Published: October 23, 2015
NEW YORK CITY — Throughout much of the history of art, sculpture represented the figure standing still, not in action.
Donatello (1386–1446), widely recognized as one of the greatest sculptors ever to have lived, was the first sculptor since antiquity to capture the drama of the figure in mid-action. He changed the course of Western art, in this and in so many other ways, influencing artists not only of his own era, but to the present day.
One of the earliest examples of this change is dramatically represented in the single-work exhibition “Donatello in Motion: A Spiritello Rediscovered,” opening October 30 at Moretti Fine Art in New York. Never before seen in public, “The Spiritello” made by Donatello in the 1430s, originally formed part of an architectural ensemble decorating an interior space, possibly a sacristy in a church or a room in a palace. This ensemble would have featured at least two putti dancing or flying about the top of the room, and likely carrying garlands, or armorial shields.
In the Renaissance, a spiritello (literally a little spirit) was a cherub-like figure that represented the dynamic power of invisible forces such as love or music. It was Donatello himself who largely invented and popularized this type of mythical creature, making the spiritello or putto a standard part of the visual repertoire of Western civilization. “Donatello’s art has a timeless immediacy that makes it ever contemporary — it never grows old or stale and “The Spiritello,” capturing the joyful embodiment of energy, exemplifies the essence of his art. A figure of unbridled liberty of invention and imagination, Donatello’s artistry was always in motion – forward,” said Andrew Butterfield, the Italian Renaissance scholar and art dealer who discovered the Donatello shown at the exhibition.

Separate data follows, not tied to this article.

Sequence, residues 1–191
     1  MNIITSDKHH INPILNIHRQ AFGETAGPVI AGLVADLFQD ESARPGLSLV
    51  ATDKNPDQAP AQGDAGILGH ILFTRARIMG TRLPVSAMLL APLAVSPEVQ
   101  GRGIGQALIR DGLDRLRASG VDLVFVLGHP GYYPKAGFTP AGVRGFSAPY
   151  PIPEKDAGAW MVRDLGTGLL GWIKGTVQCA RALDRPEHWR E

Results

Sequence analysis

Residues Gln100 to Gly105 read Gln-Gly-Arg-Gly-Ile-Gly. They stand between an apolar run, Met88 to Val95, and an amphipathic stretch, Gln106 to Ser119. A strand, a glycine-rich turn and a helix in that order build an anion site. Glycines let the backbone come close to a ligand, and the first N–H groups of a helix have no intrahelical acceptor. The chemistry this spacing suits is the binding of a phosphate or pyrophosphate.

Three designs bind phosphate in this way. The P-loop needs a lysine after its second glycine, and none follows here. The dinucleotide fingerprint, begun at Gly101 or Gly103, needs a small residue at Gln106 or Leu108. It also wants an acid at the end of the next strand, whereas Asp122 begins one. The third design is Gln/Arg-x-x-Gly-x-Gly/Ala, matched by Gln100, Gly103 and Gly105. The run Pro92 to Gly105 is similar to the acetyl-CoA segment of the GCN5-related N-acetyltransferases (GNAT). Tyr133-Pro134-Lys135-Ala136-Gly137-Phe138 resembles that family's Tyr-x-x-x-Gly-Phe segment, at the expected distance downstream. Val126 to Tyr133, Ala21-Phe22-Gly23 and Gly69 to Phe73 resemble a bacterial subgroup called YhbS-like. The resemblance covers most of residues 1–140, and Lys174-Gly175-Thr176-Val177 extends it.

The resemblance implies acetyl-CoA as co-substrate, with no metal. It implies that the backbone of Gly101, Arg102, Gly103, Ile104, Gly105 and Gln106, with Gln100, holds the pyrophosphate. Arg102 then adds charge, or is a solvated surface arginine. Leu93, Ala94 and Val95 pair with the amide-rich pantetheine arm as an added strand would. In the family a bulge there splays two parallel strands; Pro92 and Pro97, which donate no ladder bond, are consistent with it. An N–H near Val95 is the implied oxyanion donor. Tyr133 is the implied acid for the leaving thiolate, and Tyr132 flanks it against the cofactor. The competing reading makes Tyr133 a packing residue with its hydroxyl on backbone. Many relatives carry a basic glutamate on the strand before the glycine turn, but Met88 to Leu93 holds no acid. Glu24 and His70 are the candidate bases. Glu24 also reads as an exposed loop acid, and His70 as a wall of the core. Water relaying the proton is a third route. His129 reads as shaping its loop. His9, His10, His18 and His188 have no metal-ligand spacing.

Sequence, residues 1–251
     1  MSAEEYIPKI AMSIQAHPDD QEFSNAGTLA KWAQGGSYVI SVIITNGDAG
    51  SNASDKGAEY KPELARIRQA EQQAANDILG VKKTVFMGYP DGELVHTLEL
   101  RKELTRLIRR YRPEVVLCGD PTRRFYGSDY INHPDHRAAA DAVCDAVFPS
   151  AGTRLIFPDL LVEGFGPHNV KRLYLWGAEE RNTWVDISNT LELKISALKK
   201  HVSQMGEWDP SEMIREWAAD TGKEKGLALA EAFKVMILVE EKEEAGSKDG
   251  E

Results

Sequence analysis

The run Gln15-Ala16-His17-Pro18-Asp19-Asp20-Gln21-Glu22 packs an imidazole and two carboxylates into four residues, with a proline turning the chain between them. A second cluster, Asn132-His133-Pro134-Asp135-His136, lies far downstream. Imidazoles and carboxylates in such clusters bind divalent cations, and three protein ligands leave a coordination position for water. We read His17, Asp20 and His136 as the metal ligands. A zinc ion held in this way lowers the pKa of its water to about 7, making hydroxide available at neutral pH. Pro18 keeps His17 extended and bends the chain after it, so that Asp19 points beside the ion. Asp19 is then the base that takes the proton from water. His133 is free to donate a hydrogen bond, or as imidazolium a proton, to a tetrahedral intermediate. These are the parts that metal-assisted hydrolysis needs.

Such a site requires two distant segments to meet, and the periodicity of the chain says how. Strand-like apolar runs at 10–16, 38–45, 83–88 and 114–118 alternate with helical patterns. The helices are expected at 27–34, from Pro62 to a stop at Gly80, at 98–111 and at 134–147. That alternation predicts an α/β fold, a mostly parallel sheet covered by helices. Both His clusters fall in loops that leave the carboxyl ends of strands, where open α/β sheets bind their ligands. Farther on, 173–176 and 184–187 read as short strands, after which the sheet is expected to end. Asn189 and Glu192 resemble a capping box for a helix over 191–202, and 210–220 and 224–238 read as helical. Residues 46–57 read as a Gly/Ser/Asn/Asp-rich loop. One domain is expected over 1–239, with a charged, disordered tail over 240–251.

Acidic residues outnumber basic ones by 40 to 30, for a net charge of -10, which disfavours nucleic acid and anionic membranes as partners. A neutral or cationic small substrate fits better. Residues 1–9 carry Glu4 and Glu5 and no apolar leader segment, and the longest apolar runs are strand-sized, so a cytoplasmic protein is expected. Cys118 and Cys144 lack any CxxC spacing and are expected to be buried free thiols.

Of the Donatello sculpture, the New York Times reported, “Mr Butterfield and several other experts he has enlisted now believe the statue is a lost work by Donatello, one of the defining artists of the Renaissance, and a rare example of the artist’s work in wood, making the discovery not only a major addition to Donatello’s surviving corpus, but also to the history of Western sculpture.”
“It is a great honor to have the chance to show a new Donatello, one of the founders of the Renaissance,” says Fabrizio Moretti, founder of Moretti Fine Art. A fully illustrated catalog edited by Andrew Butterfield with essays by three renowned experts on Renaissance art, Francesco Caglioti, David Ekserdjian and Eike Schmidt, recently named the director of the UfFizi, accompanies the exhibition.
The exhibition is on view October 30–November 25 at Moretti Fine Art, 24 East 80th Street, second floor. For more information, www.andrewbutterfield.com.
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